Phil & Me is a personal document of a daughter's use of photography to try to control her relationship with her father and the disease that has crippled him, as well as an attempt to focus public understanding upon the essential humanity, the worth and contribution, of all victims of schizophrenia.
In the book Amanda explores the world of her father, Philip Tetrault - a poet who has lived with schizophrenia since he attended McGill University at the age of 21. Philip was a poet suffused with promise and was hailed by Leonard Cohen as Canada's best-kept secret in 1989...before he slipped into yet another schizophrenic nightmare.
The book juxtaposes Philip's poetry with black and white images of him taken during the sporadic meetings with Amanda. The photographs encompass a period of six years and the poetry eight years. Photo-booth pictures that span the past twenty-seven years form the thread that binds the surreal visual and poetic narrative. Phil & Me evolved into a collaboration between father and daughter after Amanda asked Philip to try to write again. Since then he has given her scraps of paper and napkins full of poetry at every meeting.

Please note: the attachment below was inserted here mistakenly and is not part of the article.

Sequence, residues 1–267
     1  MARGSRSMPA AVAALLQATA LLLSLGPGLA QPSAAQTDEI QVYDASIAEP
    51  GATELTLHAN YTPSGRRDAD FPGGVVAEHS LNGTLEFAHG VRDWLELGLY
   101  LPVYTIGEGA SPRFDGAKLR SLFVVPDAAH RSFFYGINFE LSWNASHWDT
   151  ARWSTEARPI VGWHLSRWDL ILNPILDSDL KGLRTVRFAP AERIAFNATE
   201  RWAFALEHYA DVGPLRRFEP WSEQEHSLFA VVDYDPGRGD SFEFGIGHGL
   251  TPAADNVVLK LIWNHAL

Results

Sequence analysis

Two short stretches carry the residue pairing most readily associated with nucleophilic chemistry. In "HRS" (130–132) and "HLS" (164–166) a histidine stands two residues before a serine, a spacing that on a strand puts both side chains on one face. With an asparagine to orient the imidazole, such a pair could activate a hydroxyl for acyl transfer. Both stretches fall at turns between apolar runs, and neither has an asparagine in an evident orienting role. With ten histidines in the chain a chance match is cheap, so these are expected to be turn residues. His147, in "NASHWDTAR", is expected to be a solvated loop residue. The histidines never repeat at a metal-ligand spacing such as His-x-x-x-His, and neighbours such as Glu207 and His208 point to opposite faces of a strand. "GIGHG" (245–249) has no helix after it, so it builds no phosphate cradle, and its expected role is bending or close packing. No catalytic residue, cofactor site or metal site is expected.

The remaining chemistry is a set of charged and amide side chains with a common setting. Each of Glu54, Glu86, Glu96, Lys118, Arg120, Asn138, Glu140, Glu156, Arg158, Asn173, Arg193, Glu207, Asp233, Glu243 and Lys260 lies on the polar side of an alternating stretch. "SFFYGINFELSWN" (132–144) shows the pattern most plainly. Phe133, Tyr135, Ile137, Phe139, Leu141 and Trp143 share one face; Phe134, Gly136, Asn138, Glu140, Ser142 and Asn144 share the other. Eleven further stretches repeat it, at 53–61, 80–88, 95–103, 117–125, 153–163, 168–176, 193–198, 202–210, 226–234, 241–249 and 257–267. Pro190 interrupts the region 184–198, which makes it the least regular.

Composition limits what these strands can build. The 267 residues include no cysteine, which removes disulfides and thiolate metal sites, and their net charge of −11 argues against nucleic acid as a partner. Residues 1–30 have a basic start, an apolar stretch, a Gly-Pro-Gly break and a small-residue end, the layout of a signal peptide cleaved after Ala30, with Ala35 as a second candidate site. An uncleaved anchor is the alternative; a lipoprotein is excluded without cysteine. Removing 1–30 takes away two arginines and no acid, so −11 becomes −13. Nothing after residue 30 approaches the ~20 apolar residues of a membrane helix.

Philip's poetry immerses us into the reality of his days - moving through the cafes and parks of Montreal his habitual Mickey of vodka in hand, where many of his acquaintances are street kids, squirrels, crows and seagulls. His are the musings of a man who has survived a crippling disease - a disease rarely discussed and more often disowned.
Phil & Me tells the stories of many, through the experience of one, and gives passionate voice to those who rarely speak out and are even more rarely heard.
Amanda Tetrault was awarded the Canada Council of the Arts Emerging Artist Grant for her work chronicling her father. After graduating from Dawson College in Montreal, she joined the Maine Photographic Workshops, Rockport, Maine and subsequently the Toscana Photographic Workshops, Tuscany, Italy. She moved to New York, working with the National Geographic photographer Steve McCurry, and collaborated on the production of his books Portraits (Phaidon Press) and South South East (Phaidon Press).